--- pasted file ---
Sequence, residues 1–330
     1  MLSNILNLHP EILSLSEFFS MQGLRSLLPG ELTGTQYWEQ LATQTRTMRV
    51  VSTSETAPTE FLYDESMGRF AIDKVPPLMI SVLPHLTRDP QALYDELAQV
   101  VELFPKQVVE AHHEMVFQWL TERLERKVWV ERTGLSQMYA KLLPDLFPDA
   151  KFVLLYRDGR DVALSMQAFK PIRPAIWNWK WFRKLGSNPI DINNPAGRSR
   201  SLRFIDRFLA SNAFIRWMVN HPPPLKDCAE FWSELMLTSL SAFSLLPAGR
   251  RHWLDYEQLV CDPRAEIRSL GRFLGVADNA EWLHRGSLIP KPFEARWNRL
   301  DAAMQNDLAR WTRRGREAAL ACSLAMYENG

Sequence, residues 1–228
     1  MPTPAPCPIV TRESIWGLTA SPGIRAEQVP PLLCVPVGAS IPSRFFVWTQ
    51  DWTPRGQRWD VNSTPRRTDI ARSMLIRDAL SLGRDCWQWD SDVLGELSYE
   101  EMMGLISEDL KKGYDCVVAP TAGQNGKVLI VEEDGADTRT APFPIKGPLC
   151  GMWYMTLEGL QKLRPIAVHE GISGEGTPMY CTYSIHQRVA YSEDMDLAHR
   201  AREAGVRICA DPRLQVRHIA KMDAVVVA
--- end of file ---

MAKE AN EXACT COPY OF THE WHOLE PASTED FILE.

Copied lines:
Sequence, residues 1–330
     1  MLSNILNLHP EILSLSEFFS MQGLRSLLPG ELTGTQYWEQ LATQTRTMRV
    51  VSTSETAPTE FLYDESMGRF AIDKVPPLMI SVLPHLTRDP QALYDELAQV
   101  VELFPKQVVE AHHEMVFQWL TERLERKVWV ERTGLSQMYA KLLPDLFPDA
   151  KFVLLYRDGR DVALSMQAFK PIRPAIWNWK WFRKLGSNPI DINNPAGRSR
   201  SLRFIDRFLA SNAFIRWMVN HPPPLKDCAE FWSELMLTSL SAFSLLPAGR
   251  RHWLDYEQLV CDPRAEIRSL GRFLGVADNA EWLHRGSLIP KPFEARWNRL
   301  DAAMQNDLAR WTRRGREAAL ACSLAMYENG

Sequence, residues 1–228
     1  MPTPAPCPIV TRESIWGLTA SPGIRAEQVP PLLCVPVGAS IPSRFFVWTQ
    51  DWTPRGQRWD VNSTPRRTDI ARSMLIRDAL SLGRDCWQWD SDVLGELSYE
   101  EMMGLISEDL KKGYDCVVAP TAGQNGKVLI VEEDGADTRT APFPIKGPLC
   151  GMWYMTLEGL QKLRPIAVHE GISGEGTPMY CTYSIHQRVA YSEDMDLAHR
   201  AREAGVRICA DPRLQVRHIA KMDAVVVA